Pablo Oliva wrote:

>I have read that in order to account for browsers/users who do not have
>cookies enabled, that you should append the session id to the url (query

Yes, there are basically three ways that the Web client can pass a 
unique identifier to the server:

1. Cookie
2. URL variable
3. Post variable

Using a Post variable requires that the user always be submitting a form 
with a method of post, so this isn't very flexible, and most people 
don't use it. So, to support users who do not have cookies enabled, the 
URL variable is your best alternative.

>Now, if I do do that,

I'm not sure if you just made a typo here, but you *must* specify a 
resource in a URL. In your above example, you could specify document 
root (/) as the resource like this:

Or, you could specify a specific script to use:

Either way, it is best to use a proper URL. Even when Web clients handle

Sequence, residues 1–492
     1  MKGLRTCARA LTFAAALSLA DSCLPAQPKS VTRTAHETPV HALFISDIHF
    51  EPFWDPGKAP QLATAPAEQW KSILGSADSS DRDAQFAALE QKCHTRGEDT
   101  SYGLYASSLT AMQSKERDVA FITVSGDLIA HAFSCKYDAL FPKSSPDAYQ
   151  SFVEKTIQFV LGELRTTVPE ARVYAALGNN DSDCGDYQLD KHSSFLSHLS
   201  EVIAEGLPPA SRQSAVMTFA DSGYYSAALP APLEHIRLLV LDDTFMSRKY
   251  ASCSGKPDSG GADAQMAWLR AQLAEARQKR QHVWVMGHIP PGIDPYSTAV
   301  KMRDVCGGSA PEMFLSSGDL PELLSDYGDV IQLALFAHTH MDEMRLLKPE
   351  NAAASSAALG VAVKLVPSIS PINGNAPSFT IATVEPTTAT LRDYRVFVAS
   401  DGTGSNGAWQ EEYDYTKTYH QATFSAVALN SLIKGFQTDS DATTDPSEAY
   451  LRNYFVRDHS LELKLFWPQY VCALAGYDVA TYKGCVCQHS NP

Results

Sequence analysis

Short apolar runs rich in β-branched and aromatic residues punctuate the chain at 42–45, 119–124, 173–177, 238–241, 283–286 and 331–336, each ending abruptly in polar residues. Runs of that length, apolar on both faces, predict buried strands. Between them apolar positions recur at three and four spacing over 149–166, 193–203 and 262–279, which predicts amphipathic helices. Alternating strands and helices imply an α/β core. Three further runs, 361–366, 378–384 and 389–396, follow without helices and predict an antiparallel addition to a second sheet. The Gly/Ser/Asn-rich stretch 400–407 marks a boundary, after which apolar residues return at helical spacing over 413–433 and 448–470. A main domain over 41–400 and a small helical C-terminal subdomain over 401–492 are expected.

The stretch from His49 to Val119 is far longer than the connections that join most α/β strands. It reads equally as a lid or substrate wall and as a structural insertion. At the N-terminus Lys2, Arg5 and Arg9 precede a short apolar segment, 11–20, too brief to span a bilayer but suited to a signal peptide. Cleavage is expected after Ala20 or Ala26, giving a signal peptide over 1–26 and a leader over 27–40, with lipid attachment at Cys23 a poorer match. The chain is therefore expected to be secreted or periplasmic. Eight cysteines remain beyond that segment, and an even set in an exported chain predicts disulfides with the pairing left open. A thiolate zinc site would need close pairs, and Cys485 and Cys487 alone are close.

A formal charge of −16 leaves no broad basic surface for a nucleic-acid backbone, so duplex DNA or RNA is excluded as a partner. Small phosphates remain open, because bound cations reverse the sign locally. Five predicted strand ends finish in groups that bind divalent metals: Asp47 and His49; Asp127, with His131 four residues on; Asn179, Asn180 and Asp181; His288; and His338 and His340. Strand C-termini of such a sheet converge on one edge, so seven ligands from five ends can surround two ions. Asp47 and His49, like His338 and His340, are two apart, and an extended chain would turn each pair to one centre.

improper URLs (most handle for example, which 
fails to specify any resource), it is dangerous to depend on that.The 
old saying, "be strict in what you send and lenient in what you 
receive," has unfortunately been combined with, "use whatever works," so 
that many people are now lenient in what they send. :-)

>do I have to do anything so
>that I force php to recognize the session id in the query string?

The short answer is yes. However, it must be named whatever PHP is 
expecting it to be named (for example, a variable named foo won't be 
assumed to be the unique identifier), and you must not have php.ini 
configurations that will force PHP to ignore it (such as 
session.use_only_cookies, or whatever that one is called).

I hope that answers your question. :-)


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